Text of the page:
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Astronomers have found huge 'runaway black hole' which is as wide as 20 million suns
Featured Image Credit: Andrey Volodin / Alamy Stock Photo/Science Photo Library / Alamy Stock Photo

Astronomers have found huge 'runaway black hole' which is as wide as 20 million suns


As if things weren't bad enough right now, there's apparently a 'runaway black hole' hurtling through space.

Yep, scientists think they may have spotted a giant ball of abyss bouncing around space after seemingly being jettisoned by its galaxy. If so, this is what it might sound like:

According to research published in The Astrophysical Journal Letters journal, the team were observing the dwarf galaxy RCP 28 on the Hubble Space Telescope when they made the ‘serendipitous discovery’.

Intrigued by what they saw, they delved further into the data and estimated it was about 20 million times the mass of the Sun. Gulp.

Scientists believe they've spotted a huge black hole hurtling through space.

As well as that, they worked out the black hole was whizzing around at 3.5 million mph (5.6 million km/h).

Now, numbers like that don't really mean much for our tiny human brains, but it works out at around 4.500 times the speed of sound. So yeah, the big guy is pretty light on his feet.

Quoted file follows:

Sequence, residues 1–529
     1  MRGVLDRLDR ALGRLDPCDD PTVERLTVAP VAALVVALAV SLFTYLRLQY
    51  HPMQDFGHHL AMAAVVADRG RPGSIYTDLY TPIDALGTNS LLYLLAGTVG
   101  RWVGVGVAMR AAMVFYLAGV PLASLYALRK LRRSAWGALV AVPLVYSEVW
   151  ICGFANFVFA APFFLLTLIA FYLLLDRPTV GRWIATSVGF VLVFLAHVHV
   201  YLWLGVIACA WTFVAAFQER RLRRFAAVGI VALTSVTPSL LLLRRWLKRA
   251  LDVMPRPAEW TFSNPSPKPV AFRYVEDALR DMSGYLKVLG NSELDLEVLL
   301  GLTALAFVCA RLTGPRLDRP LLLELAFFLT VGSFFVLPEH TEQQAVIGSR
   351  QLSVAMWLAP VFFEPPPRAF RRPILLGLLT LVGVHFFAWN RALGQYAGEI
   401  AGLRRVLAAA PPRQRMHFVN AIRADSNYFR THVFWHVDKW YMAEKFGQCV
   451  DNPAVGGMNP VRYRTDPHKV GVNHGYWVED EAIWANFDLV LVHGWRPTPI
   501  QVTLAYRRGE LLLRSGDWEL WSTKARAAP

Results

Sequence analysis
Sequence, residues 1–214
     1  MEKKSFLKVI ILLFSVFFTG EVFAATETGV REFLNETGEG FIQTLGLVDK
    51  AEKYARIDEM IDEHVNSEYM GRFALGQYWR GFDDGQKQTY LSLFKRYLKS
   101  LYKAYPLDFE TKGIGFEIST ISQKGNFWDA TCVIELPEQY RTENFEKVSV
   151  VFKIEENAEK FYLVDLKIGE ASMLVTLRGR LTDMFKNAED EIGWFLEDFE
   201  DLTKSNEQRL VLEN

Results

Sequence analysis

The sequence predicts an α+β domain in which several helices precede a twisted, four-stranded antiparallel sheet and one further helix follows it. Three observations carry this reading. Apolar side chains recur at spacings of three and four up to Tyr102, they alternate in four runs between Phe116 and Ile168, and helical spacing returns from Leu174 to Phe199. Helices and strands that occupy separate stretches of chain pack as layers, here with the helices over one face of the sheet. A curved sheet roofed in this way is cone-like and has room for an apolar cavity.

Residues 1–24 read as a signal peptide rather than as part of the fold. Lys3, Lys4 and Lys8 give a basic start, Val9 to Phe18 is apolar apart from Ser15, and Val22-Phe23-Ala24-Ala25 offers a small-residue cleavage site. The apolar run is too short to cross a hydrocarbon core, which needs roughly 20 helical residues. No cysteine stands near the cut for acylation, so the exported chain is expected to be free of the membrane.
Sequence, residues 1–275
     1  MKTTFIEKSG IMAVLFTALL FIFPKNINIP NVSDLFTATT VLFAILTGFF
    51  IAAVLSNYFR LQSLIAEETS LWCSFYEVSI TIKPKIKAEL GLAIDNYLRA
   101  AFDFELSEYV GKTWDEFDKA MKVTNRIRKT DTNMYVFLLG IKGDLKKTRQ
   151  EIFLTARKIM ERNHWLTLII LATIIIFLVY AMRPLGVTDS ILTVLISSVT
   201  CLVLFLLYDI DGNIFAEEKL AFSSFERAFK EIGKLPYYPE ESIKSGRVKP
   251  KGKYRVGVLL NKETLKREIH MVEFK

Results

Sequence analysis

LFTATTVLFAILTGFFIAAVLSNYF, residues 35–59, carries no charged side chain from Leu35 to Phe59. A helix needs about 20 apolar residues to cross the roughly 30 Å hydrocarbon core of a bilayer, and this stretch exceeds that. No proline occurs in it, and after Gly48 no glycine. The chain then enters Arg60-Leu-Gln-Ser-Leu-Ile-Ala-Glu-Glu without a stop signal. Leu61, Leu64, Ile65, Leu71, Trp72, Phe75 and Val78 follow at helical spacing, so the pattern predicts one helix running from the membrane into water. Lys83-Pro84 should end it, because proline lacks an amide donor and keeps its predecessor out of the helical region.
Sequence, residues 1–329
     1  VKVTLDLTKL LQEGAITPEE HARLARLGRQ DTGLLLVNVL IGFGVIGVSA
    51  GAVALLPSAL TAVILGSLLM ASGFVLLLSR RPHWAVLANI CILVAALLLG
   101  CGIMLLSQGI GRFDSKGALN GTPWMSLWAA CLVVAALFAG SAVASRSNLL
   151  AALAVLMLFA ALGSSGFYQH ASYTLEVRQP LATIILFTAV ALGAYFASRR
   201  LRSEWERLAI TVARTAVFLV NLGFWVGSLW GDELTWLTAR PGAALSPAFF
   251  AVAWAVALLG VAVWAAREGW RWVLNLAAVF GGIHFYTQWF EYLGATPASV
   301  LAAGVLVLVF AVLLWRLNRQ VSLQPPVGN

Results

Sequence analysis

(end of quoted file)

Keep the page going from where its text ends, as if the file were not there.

For the uninitiated, black holes are invisible to the naked eye and can only be detected by hi-tech telescopes, such as the Hubble.

According to Nasa: "A black hole is a place in space where gravity pulls so much that even light can not get out. The gravity is so strong because matter has been squeezed into a tiny space."

The team believe it is a black hole at the end of the thread.
Pieter van Dokkum

Pieter van Dokkum is a professor of physics and astronomy at Yale University, and the lead author of the study.

Speaking to Live Science about the discovery, he said: "We found a thin line in a Hubble image that is pointing to the centre of a galaxy.

"Using the Keck telescope in Hawaii, we found that the line and the galaxy are connected.

"From a detailed analysis of the feature, we inferred that we are seeing a very massive black hole that was ejected from the galaxy, leaving a trail of gas and newly formed stars in its wake."

More research is needed to confirm the discovery.
Pieter van Dokkum

Supermassive black holes such as this are pretty common for most larger galaxies, and emit huge threads of matter out into space, called 'astrophysical jets'.

However, while these jets tend to grow smaller and weaker the further out they get, the threads van Dokkum and his team spotted were getting stronger.

As a result, they knew they were most likely seeing something pretty special.

"If confirmed, it would be the first time that we have clear evidence that supermassive black holes can escape from galaxies," van Dokkum added.

The team of researchers will need to carry out further studies to determine once and for all whether or not this is a black hole.

Topics: Science, Technology, NASA